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Submitted by Scott Cleland on Tue, 2007-05-01 19:10
I always love to juxtapose a couple of stories to point out irony.
Yesterday, I blogged that Tech Daily reported that the Google gang, AKA ItsOurNet ... will be relaunched in May as the "Open" Net coalition.
Well today I laughed out loud when I read in Tech Daily, that Wikipedia cofounder Jimmy Wales is promoting a new collaborative search process like the wiki online encyclopedia.
Seems like those who really know "open" don't think Google is worthy of its self annointed name of the "Open" Net Coalition.
Submitted by Scott Cleland on Tue, 2007-05-01 18:38
Danny Sullivan of Advertising Age spotllights another systematic Google privacy invasion in his great new article: "Google's latest power grab."
Check this out:
One more way Google spies on you, but of course it's only for your own good!
Google is amassing an amazing profiling database on people that would be extremely frightening if it fell into the hands of bad people: criminals, stalkers, predators, con artists etc.
Submitted by Scott Cleland on Mon, 2007-04-30 18:40
The ItsOurNet coalition is relaunching under a new name the "Open Internet Coalition" in May according to Todays' National Journal's Tech Daily .
I must say I am sad to see the ItsOurNet name fall by the wayside, it was a glorious pinata of a concept.
It also will be interesting to see if they have retooled the substance of their message and if they will abandon Moveon.org and the Dorgan-Snowe bill to try and appear more reasonable and practical.
Reading between the lines of the article it seems Moveon is "on" the defensive so to speak.
lastly it will be interesting to see if:
Submitted by Scott Cleland on Fri, 2007-04-27 15:32
Declan McCullagh of CNET has a very insightful piece called: "Missing : Politicians who take a clear stand on tech" where he spotlights that net neutrality is not on either the Democrat or Republican tech policy agendas.
Submitted by Scott Cleland on Thu, 2007-04-26 15:56
I listened in to SaveTheInternet's conference call with reporters in celebration of their one year anniversary.
Senator Dorgan (D-ND) author of the pending Dorgan-Snowe Bill was the keynote and star.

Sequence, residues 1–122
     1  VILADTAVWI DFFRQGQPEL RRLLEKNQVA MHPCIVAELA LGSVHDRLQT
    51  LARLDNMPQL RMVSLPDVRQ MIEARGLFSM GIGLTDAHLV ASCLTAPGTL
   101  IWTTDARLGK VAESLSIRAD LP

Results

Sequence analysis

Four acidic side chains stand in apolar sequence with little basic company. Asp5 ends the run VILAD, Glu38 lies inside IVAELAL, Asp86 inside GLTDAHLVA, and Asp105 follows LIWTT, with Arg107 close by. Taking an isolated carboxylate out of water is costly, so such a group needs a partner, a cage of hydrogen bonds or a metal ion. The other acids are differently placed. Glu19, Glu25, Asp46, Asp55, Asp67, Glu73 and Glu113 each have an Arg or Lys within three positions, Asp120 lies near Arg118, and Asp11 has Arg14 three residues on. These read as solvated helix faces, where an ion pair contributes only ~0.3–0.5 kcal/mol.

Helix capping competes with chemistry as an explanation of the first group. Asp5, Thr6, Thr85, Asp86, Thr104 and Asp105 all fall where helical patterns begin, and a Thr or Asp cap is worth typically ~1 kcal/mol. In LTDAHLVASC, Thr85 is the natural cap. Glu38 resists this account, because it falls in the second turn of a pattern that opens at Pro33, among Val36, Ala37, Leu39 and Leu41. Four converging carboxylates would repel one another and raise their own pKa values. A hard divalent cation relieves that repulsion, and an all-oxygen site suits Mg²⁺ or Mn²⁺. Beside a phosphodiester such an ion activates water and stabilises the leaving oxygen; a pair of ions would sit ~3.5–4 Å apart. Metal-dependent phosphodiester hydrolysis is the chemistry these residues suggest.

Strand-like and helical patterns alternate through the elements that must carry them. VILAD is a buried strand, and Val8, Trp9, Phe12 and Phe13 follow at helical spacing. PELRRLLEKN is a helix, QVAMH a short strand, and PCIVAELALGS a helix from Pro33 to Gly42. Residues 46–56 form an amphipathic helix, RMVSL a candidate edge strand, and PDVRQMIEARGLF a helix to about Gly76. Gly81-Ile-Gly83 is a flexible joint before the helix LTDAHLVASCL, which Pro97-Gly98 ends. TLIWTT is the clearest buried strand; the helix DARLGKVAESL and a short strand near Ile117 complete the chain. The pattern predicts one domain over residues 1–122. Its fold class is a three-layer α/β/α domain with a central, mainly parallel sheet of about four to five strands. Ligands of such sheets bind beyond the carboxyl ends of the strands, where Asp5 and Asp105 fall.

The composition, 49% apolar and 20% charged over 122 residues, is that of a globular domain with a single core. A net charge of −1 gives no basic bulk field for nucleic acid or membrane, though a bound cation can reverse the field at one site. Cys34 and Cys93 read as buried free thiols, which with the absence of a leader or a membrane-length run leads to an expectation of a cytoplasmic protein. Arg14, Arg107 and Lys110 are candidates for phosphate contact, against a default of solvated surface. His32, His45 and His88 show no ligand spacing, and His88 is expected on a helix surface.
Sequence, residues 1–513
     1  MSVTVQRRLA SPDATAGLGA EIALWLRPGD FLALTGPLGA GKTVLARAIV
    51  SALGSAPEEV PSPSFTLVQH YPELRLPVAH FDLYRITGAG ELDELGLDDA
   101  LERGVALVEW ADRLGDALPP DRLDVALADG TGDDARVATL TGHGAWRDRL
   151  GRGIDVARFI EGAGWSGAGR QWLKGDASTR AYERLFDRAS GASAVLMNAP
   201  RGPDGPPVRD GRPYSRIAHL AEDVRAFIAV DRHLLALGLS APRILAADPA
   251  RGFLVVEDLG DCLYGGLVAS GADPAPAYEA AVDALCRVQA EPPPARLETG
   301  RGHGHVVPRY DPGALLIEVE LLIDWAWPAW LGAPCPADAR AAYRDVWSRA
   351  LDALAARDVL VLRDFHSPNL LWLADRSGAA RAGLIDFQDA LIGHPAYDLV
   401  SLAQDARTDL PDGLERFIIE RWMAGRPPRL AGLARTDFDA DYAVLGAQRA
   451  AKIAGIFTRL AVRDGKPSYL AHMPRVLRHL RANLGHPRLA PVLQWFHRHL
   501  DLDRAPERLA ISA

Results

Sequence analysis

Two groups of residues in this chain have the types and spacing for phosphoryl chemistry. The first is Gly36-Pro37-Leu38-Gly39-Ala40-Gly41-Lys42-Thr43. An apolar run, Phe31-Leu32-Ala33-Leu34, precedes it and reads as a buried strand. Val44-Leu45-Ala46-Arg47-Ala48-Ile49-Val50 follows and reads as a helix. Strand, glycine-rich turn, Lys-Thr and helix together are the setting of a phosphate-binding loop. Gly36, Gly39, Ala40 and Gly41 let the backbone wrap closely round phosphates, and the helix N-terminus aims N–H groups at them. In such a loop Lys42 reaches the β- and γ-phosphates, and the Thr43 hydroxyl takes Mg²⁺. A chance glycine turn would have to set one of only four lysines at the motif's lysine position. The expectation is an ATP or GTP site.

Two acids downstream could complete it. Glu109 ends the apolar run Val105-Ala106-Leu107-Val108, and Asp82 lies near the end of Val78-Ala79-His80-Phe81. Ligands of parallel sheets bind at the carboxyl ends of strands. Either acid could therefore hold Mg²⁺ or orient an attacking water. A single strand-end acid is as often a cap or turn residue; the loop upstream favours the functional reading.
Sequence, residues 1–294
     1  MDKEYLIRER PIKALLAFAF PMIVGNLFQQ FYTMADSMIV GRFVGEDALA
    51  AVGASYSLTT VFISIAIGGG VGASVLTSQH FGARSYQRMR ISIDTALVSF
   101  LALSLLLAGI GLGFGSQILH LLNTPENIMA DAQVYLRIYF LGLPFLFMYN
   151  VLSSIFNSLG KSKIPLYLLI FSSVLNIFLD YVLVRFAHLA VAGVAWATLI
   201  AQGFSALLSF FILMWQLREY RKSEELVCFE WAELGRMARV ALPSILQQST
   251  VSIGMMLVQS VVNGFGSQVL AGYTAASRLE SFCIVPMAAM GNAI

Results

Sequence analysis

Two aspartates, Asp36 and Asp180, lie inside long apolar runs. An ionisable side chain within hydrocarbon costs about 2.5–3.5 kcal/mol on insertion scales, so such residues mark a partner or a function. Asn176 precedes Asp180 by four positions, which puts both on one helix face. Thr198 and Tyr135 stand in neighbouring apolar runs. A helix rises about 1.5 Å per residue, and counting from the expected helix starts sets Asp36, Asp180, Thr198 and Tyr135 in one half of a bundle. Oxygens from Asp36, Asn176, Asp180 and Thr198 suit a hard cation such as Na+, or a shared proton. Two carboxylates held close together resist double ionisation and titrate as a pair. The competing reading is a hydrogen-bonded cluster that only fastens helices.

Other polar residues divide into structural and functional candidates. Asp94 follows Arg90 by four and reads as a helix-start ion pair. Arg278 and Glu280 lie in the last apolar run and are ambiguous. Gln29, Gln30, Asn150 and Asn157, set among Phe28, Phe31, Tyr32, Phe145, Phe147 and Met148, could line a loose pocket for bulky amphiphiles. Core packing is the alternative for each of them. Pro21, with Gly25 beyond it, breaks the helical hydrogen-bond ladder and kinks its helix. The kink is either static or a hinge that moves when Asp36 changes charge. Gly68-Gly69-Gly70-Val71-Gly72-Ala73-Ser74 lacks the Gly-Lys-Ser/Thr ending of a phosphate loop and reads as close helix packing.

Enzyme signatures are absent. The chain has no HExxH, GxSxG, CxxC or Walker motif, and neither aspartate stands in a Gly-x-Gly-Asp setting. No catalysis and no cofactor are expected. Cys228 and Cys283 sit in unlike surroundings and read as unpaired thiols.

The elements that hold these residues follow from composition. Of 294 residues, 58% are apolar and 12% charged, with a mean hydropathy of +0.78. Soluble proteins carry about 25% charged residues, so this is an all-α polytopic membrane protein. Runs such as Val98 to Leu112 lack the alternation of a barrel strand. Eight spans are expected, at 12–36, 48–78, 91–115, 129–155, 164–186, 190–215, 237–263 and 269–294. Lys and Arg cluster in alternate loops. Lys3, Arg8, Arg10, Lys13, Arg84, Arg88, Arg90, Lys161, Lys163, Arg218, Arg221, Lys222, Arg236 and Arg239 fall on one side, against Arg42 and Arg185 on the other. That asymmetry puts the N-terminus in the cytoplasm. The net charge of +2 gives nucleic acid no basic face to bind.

Craig Newmark was second to speak and he asserted everyone he knew was for NN. (I guess we should give up now.)
Submitted by Scott Cleland on Wed, 2007-04-25 14:47
Curt Monash in his blog suggests a "third way" for net neutrality to go -- applying regulation to the "JeffersonNet" or "bandwidth-light" parts of the Internet while not applying it to the "EdisonNet," the more "communications-rich" applications where regulation would be an impediment.
With all due respect, the "middle way" thinking is seriously flawed because it assumes a compromise between views with equal merit.
In order to talk net neutrality compromise, net neutrality proponents have to make the case that they have legitimate concerns to begin with.
Submitted by Scott Cleland on Wed, 2007-04-25 10:55
Listening to the House and Senate Democrats in yesterday's congressional hearings say "there can be no debate" "or dispute" that the U.S. is falling behind in broadband, when House and Senate Republicans, expert witnesses and the Administration were debating the validity of that very point directly before them, indicates that this "debatable point" is the exact type of "assessment of the facts" for which the Congress created the GAO to sort out.
Congressional Democrats appear to be embracing the findings of the OECD on broadband as gospel when the OECD has obvious competitive motive to put EU countries in the best light and the U.S. in the worst light.
Submitted by Scott Cleland on Tue, 2007-04-24 10:44
I always knew Moveon.org was a powerful political force, but I just learned how powerful -- Moveon.org was the second largest Political Action Committee (PAC) in the US in 2006, according to the Washington Post "In The Loop" column by Jeffery H. Birnbaum.
Moveon.org's political clout combined with its zealousness for promoting net neturality regulation and the front-loaded 2008 political process mean net neutrality will likely remain on the "techcom" political agenda as a key issue for the foreseeable future -- despite getting repudiated by the House, Senate, Supreme Court, FCC, FTC, NTIA, Maryland, Michigan to only name the most prominent forums that rejected regulating the Internet.
Submitted by Scott Cleland on Mon, 2007-04-23 11:02
It is very interesting and ironic that when Former FCC Chairman Reed Hundt was at the FCC he strongly advocated that "Spectrum Flexibility will Promote Competition and the Public Interest" in an article in IEEE magazine with Greg Rosston in the December 1995 issue.
While I often disagreed with then FCC Chairman Hundt when he diverted from promoting market-based competition by picking winners and losers through hyper-regulation, I must commend Mr. Hundt's logic and policy explained in detail in his IEEE monograph in 1995.
Ironically now, Mr. Hundt would financially benefit greatly, if the FCC rigs the 700 MHz auction to lower the value spectrum by requiring a license holder agree to net neutrality.
The primary impetus behind the 1993 Democratic Congress that passed the law requiring spectrum auctions is that the taxpayer was routinely being fleeced by the FCC granting spectrum by other processes than auctions.
Submitted by Scott Cleland on Fri, 2007-04-20 09:45
Google turned in another awe-inspring financial performance in 1Q07. Pick your news report for the basics. All you need to know is revenue growth was up 63%. Wow!
Let me translate some of the earnings call: